The “Melbourne Response” headed by Pell protected the finances of the church and not the victims, it capped compensation to the numerous claims that came forward regarding sexual abuse by clergymen. There was denial, no genuine accountability, no real or authentic acceptance that there is a systemic problem to address. As I read the claimant explain the vile acts committed by Pell, all it indicated to me was his lust for power and authority and in this case he used his sexual organ as his weapon to explain that power.

It is for this reason that the church as an institution needs to be completely restructured, to change how they approach their role as leaders in an archaic system that permeates a continuity of pagan traditions left from the Roman Empire, as well as a residue of medieval patriarchy that developed the pedagogy to incorrectly educate us on how to read, interpret and understand history. We have been taught to follow and see the world in a prejudicial way, completely blinded by a system that we think is an unquestionable reality.

I question this reality. As a believer in God who loves Jesus but is not attached to any religious institution, who believes in moral goodness and welcomes diversity, who genuinely has the courage to hold herself accountable when shown to be in the wrong, I am not seized with this prejudice.

The Church is a structure, a building, a place for Christians to congregate and together show their commitment to the teachings in the Bible. Culture and languages are fluid, changing, dynamic and the system itself needs to be engineered to be flexible and resistant to this dynamism; a foundation solidified to human rights with a core skeleton fortified by freedom and moral consciousness that will tighten a structure – like a skyscraper – yet constructed to sway with the wind. Prejudice is to believe that there is some place in history that was ‘better’ and that we need to revert back to the old ways, of patriarchy, strict codes of conduct, punishment, but that is usually an indication of fear and resistance to a dynamic that challenges power and control, to a system that embraces equality and destroys hierarchies.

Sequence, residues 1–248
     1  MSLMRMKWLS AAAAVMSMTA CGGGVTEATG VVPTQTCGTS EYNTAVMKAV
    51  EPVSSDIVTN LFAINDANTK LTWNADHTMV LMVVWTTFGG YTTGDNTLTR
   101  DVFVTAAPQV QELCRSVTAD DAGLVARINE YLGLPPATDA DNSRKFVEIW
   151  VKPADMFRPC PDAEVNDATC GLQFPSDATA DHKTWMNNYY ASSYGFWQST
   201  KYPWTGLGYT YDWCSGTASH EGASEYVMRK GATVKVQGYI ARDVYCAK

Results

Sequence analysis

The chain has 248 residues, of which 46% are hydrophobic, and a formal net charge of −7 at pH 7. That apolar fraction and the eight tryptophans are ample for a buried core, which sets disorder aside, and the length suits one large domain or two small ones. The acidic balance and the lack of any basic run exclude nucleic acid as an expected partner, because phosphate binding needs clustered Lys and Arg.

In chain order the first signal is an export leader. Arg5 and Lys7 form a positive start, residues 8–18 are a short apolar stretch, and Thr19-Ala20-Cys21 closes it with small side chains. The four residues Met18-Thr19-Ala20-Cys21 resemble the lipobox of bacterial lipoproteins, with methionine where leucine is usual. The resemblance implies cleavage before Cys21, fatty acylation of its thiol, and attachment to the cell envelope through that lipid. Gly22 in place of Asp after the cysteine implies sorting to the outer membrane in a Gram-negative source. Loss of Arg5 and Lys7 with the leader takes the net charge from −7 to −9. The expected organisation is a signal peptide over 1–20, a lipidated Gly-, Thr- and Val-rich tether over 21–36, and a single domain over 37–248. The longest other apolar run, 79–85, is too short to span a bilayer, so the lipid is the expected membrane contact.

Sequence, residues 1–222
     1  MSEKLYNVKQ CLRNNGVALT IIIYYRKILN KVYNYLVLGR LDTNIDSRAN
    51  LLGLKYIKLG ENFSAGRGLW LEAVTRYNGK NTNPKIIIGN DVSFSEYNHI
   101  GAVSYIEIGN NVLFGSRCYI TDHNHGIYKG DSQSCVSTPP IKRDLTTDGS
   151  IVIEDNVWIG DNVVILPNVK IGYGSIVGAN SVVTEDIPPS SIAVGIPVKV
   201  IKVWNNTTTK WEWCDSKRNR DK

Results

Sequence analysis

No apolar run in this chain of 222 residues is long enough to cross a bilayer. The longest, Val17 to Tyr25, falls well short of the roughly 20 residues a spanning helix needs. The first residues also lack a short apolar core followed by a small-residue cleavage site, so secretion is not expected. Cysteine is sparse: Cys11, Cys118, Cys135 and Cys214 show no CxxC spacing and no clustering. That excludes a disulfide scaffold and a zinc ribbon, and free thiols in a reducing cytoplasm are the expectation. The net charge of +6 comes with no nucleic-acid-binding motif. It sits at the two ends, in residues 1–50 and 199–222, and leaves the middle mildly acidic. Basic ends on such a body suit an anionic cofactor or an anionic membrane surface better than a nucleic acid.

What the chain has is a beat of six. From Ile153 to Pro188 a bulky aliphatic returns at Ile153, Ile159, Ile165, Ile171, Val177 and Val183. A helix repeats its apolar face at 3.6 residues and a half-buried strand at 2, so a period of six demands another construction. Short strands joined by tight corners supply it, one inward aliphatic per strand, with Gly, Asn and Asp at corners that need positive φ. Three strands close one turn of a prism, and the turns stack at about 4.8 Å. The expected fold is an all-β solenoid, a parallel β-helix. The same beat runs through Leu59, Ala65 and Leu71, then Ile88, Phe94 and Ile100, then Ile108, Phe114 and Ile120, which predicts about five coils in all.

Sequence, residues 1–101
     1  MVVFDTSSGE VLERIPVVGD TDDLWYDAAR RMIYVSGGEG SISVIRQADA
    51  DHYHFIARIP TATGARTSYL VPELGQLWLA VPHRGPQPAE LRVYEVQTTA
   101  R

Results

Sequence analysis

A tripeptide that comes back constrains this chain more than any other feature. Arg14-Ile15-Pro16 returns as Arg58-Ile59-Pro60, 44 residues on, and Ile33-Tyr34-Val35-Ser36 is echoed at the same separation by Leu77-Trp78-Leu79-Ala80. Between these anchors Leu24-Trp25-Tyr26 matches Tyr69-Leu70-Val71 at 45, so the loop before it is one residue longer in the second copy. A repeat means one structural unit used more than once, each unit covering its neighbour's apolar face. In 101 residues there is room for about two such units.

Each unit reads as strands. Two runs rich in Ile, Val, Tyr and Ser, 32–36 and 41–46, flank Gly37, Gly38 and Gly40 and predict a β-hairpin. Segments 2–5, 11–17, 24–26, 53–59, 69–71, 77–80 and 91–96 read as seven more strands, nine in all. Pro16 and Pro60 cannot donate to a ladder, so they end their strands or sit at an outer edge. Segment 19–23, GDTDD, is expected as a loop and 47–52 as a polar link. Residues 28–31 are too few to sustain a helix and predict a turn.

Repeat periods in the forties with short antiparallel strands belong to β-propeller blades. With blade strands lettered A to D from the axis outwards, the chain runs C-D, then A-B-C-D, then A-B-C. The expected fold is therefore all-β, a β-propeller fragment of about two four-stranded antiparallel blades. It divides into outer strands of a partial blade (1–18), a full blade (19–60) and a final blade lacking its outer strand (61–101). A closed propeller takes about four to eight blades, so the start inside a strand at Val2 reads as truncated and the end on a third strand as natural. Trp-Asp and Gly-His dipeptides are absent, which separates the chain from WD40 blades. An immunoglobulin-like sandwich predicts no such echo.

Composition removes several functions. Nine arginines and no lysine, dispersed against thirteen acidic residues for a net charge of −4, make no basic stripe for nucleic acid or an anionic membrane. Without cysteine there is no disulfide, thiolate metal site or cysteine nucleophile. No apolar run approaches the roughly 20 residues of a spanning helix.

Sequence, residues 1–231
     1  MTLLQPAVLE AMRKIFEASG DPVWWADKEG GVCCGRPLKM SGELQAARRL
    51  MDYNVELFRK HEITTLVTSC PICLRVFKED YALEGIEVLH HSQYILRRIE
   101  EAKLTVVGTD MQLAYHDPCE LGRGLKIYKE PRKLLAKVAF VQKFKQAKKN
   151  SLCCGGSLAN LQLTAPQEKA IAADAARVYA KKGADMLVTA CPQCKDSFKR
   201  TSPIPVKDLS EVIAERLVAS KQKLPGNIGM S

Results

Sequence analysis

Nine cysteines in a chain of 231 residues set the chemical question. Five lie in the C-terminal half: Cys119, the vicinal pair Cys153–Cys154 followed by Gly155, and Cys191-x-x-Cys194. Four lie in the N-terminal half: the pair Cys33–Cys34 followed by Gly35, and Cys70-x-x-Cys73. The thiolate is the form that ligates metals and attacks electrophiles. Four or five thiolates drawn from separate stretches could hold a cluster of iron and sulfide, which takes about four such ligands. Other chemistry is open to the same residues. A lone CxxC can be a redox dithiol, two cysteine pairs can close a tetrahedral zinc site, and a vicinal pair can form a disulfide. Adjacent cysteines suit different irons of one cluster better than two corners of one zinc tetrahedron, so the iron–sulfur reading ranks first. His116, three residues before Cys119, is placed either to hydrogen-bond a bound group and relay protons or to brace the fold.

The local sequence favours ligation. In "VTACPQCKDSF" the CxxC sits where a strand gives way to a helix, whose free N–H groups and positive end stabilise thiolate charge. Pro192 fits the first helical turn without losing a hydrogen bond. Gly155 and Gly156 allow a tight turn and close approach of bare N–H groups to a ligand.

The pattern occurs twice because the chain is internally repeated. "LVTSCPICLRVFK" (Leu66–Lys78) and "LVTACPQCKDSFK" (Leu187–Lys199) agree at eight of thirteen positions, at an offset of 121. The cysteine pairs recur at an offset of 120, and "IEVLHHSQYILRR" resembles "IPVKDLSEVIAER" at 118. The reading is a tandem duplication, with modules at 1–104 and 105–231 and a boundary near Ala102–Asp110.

“Jesus said unto him, verily I say unto thee, that this night, before the cock crow, thou shalt deny me thrice.”

If we think of this differently, maybe the Apostle Peter’ denial – who is known as the father of Church – is the Church’ denial of the teachings of Jesus. I am glad that justice has been served against Pell and that the victims – not just those he has directly affected – but all victims of sexual abuse by the thousands of clergyman across the world, and that Australia has been the one to set a precedent that justice, human rights, and indeed morality cannot be protected by a hierarchical system. We are all equal in the eyes of righteousness.

It is not an indication that one needs to completely abandon their faith or the Church. It is just an indication that the system needs to change and that we, as people, need to be the ones to do that, to remind the leaders that they are subservient to us and not the other way around and for them to remember the purpose of why the Church exists in the first place.

Maybe it is time for a new beginning.